Heterochromatin is supposed to affect the transcription of genes that are located in its vicinity. The ease by which plants can be transformed, the availability of sensitive molecular cytogenetic detection methods as well as extensive micro-arrays will make it possible to experimentally approach the relation between chromatin organisation and gene expression. Insight in the mechanisms that control the higher order organisation of the nucleus and how this organisation affects gene expression is of importance to design transgenic plants in which the expression of the transgene is fully controlled.
Genomics Research Facilities
World-class plant research is not feasible without excellent infrastructure. EPS has decided to further develop its genomics infrastructure by participating in the Centre for Biosystems Genomics (CBSG), which has its basis at Wageningen UR but is accessible by all EPS researchers. The centre has been raised by the so-called ‘Regie-Orgaan Genomics’ to a so-called ‘zwaartepunt’. It is the only Genomics centre devoted to plant genomics in the Netherlands. Collaboration and facility sharing leads to more efficient use of equipment and guarantees access to state-of-the-art equipment. Building on each other’s expertise provides a strong stimulus for biological and technological innovation. With CBSG EPS has the ambition to:
- Establish the best genomics-infrastructure available for its research
- Continuously innovate through investments in facilities and expertise
- Serve as a cost-effective infrastructure hotel to all participants, lowering financial barriers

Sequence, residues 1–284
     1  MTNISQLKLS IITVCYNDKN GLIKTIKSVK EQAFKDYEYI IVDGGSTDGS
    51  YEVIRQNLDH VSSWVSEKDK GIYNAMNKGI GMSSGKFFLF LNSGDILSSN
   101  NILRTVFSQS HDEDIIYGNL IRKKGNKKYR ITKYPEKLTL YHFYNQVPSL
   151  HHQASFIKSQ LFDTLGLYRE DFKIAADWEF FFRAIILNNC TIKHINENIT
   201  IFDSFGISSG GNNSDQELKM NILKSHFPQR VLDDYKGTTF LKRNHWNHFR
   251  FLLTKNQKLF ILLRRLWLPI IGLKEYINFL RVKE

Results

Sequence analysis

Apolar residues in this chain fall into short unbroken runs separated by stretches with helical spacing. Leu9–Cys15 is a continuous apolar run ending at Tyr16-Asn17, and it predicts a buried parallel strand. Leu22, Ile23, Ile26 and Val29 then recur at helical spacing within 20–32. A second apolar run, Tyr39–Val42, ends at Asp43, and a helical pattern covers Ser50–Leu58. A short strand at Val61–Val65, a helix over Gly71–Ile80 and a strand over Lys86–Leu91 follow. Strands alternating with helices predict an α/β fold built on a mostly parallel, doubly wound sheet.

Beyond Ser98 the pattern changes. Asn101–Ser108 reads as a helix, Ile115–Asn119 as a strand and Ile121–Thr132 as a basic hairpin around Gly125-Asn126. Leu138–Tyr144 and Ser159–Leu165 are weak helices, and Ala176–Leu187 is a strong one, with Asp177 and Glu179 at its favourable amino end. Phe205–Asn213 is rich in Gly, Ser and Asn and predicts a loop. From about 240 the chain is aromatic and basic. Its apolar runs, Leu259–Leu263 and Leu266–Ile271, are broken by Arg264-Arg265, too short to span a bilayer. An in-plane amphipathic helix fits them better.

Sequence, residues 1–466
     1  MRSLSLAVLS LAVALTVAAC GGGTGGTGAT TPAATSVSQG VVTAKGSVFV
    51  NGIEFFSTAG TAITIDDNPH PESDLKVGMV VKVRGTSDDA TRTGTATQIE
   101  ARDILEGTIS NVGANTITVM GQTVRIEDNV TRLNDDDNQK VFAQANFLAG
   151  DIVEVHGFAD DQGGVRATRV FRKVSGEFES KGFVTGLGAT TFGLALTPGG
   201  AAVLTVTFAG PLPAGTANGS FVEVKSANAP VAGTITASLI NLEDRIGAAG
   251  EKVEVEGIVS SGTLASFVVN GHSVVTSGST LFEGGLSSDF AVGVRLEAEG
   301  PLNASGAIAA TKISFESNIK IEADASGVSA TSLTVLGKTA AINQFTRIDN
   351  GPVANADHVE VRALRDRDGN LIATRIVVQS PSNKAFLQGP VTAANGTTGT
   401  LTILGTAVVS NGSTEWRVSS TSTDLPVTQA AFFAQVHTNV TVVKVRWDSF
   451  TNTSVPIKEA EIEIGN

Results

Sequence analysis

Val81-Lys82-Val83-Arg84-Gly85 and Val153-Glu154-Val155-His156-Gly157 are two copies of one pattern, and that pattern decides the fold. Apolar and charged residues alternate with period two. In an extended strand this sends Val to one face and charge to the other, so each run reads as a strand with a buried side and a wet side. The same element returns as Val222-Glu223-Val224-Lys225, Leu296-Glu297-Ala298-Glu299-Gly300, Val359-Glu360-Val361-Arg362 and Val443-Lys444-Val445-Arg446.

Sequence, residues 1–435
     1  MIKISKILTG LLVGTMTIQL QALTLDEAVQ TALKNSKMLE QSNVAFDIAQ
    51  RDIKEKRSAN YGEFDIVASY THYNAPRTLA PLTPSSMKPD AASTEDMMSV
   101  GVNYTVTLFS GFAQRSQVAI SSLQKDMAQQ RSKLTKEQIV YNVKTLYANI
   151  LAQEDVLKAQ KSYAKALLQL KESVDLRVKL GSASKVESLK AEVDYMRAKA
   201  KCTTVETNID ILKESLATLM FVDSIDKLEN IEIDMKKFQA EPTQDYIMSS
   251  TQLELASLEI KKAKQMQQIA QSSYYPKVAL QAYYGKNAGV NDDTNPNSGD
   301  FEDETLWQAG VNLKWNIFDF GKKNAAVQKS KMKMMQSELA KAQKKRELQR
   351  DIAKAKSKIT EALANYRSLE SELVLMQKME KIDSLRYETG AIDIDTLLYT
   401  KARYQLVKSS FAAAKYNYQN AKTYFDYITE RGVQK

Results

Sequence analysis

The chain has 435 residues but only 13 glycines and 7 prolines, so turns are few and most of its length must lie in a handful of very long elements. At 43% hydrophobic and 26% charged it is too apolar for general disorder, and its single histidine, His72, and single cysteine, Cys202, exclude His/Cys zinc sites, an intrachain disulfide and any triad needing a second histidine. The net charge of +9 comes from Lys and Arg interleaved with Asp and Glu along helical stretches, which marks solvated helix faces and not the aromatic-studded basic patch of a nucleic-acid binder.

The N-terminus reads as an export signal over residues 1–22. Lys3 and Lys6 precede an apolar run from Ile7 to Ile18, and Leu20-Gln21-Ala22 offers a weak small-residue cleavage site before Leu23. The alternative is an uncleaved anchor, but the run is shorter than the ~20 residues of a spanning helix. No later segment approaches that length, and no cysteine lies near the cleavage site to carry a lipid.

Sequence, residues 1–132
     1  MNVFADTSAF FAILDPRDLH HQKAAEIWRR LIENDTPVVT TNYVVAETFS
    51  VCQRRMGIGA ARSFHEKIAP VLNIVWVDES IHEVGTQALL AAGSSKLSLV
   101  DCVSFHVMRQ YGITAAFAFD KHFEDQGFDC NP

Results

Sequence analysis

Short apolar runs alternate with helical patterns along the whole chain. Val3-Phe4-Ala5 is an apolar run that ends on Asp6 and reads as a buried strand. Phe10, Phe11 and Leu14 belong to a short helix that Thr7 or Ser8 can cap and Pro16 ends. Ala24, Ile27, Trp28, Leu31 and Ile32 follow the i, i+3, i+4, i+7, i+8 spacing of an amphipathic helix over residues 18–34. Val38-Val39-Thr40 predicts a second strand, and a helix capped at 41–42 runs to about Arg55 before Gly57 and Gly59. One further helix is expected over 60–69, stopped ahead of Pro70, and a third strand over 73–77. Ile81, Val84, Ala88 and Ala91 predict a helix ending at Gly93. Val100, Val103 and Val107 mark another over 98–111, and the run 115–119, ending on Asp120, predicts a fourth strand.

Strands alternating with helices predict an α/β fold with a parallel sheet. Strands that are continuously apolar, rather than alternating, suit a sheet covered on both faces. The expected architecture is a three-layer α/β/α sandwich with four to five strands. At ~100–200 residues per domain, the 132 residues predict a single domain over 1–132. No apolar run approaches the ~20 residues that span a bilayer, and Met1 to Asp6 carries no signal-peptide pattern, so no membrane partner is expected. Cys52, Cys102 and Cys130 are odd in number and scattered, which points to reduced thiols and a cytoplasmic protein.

- Build personnel expertise through training and individual skill development
- Establish a platform for training, education and demonstration for students, guests and industrial partners
- Establish a European Network of Excellence in Plant Genomics that collaborates with other national and international initiatives to attune new investments and developments.
The different research themes require well-trained scientists, postdocs and PhD students who are able to incorporate technical advances quickly. It has become increasingly important to inform and to explain to the public at large the many technical advances and new insights acquired by the research and to account for their potential sociatal implications. Researchers are often not aware of the emotions, feelings, attitudes and opinions in society about the achievements and consequences of their work. In an open public discussion with and within the society about the essential acceptance of new technologies and their applications, it is necessary that researchers are active in achieving a better mutual understanding.
For that purpose in the future research plans and in the communications on research progress more attention will be paid to societal aspects notably in the research projects on plant biotechnology and plant genomics.
Based on the new developments described above, the third six-year research programme (2004-2009) of EPS has been revised to accommodate new types of both basic and applied research. As discussed above, genomics-related research is embedded in all research themes. A few subthemes are added or readjusted in the new programme.